Here’s the thing: people with unscientific, irrational, and foolish ideas about evolution and global warming might still have something worthwhile to say about other topics. Take, as one example, Senator Tom Coburn. Coburn doesn’t believe in global warming. He also thinks that lesbian gangs were terrorizing Oklahoma’s school bathrooms. But he’s a been a vigorous critic of earmarks. He’s right to attack earmarks, and no less right because he’s a nut on other issues. If he’s the lone voice in the wilderness on earmarks, and we refuse to engage his criticisms because they’re coming from a lesbo-potty-phobic global warming denier, then we’re being lazy and cowardly. On the other hand, there are plenty of people, and groups, that believe firmly in evolution and global warming, but can’t be taken seriously as bastions of science or reliable political analysis. You won’t find much creationism or global warming denying at the Huffington Post, but you will find it to be a cesspool of junk science and assorted twittery.
Honest people — people who care about issues, and not crass group identities — ought to resist the strong human drive to construct rationalizations for ignoring competing viewpoints. “We can safely ignore and marginalize any blog where most of the authors or commenters don’t believe in evolution or global warming” is lazy tribalism, just as surely as “we can ignore any bloggers and blogs that don’t support Sarah Palin” or “we can ignore any bloggers or blogs that don’t oppose the War on Drugs.” It’s all a cheat, a form of shorthand — a quick way to separate, in our mind, people who belong from people who don’t. It may unclutter your RSS feed, but you’re not going to learn much that’s new, you’re not going to challenge yourself.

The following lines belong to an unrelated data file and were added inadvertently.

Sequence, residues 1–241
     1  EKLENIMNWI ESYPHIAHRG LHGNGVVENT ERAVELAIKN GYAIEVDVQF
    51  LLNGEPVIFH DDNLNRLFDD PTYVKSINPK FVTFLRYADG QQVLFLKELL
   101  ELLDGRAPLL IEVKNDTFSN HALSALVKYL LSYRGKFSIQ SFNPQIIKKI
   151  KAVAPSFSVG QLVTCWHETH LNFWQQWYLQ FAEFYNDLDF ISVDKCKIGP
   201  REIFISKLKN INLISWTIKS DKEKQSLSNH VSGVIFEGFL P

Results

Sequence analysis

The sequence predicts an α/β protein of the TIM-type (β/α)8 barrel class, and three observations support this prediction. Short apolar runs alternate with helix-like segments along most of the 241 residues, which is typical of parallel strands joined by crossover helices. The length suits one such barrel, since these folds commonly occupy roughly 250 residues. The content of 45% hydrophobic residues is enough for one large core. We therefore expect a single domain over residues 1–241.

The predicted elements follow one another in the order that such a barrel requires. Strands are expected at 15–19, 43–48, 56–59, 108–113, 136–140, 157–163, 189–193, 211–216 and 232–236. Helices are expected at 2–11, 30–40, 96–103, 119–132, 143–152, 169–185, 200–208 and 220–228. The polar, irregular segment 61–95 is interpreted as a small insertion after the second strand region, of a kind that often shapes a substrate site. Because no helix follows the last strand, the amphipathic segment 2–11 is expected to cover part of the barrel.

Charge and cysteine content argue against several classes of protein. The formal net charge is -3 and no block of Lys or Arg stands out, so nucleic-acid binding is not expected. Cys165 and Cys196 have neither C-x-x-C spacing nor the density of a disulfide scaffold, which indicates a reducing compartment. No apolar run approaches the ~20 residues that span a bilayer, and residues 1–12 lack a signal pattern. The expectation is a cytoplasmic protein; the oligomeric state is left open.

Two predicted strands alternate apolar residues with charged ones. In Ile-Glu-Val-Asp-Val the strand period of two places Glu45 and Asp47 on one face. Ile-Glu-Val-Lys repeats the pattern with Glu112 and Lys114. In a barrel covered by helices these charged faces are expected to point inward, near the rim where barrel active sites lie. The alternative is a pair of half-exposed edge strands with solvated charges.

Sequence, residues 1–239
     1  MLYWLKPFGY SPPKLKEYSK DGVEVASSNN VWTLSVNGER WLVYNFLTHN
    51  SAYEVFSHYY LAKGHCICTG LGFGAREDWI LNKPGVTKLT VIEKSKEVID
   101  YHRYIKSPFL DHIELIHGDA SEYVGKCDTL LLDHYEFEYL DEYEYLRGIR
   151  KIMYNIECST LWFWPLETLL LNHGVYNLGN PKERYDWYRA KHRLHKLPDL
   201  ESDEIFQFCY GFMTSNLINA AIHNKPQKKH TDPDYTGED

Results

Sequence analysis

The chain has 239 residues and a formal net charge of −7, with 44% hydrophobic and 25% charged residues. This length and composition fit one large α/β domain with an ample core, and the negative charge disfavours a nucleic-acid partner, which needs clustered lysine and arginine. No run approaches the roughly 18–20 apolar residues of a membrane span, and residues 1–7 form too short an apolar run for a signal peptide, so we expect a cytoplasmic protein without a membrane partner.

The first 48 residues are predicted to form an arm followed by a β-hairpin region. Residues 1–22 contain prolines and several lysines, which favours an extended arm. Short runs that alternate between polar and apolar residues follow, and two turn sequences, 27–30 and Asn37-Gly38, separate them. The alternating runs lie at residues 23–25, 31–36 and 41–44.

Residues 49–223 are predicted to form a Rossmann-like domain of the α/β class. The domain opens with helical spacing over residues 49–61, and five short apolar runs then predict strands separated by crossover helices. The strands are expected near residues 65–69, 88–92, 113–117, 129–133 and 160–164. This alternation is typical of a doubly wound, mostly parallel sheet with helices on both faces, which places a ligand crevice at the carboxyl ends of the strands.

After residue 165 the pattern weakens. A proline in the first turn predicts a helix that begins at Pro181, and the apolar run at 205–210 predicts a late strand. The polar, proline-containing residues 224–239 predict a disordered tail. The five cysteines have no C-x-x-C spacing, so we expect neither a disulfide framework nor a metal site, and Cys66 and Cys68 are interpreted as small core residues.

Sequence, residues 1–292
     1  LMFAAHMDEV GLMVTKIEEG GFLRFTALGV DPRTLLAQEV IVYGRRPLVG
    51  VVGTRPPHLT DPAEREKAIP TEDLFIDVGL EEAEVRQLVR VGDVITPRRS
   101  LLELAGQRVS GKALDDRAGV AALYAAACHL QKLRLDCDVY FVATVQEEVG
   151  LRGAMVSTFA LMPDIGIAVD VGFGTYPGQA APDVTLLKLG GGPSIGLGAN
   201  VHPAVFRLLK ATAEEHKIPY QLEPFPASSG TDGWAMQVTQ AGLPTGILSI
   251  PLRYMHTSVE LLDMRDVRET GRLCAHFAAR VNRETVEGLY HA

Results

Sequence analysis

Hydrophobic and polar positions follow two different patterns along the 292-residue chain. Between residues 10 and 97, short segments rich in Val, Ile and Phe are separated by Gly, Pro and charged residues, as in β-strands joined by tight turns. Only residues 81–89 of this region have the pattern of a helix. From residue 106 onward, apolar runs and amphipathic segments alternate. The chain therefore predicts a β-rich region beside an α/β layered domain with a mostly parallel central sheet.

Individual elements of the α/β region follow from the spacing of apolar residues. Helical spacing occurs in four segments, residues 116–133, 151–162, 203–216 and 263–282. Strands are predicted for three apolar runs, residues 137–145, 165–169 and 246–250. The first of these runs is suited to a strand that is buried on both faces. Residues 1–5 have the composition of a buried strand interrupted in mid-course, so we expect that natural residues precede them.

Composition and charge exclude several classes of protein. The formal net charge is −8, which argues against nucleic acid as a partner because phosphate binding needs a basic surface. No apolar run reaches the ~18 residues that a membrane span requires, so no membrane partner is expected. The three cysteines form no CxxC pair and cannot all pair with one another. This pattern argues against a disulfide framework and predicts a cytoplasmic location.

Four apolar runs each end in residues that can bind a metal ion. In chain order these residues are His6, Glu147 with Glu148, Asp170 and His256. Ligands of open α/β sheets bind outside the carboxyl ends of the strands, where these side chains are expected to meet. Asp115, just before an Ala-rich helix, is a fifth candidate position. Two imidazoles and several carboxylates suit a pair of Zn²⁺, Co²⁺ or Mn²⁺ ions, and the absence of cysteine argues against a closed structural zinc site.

Personally, I’m quite skeptical of man-made global warming but like Popehat, I admit that I’m by no means a climatologist nor anything remotely close. He does make very good points here about writing someone off because they believe something kooky on one subject or even a assortment of subjects. There is always the temptation to ignore individuals like the “Truthers,” the “Birthers,” and “Creationists” – just to name a few. It’s quite defensible for me to tune someone out who goes into the whole “Obama is a secret Muslim hell bent on America’s destruction” nonsense if that is the topic of discussion but the same person might be quite rational and knowledgeable on other issues.
Also consider the founders of this country. Many of them either owned other human beings or defended the practice in the name of property rights even as they eloquently made the case for liberty. Thomas Jefferson, in The Declaration of Independence, scribed “We hold these truths to be self-evident, that all men are created equal, that they are endowed by their Creator with certain unalienable Rights, that among these are Life, Liberty and the pursuit of Happiness” yet himself didn’t find it “self-evident” that owning slaves inconsistent with this philosophy.
Should Jefferson be condemned by historians for being a slave owner?
Does this make his arguments or his founding brothers’ arguments any less valid?
I think not.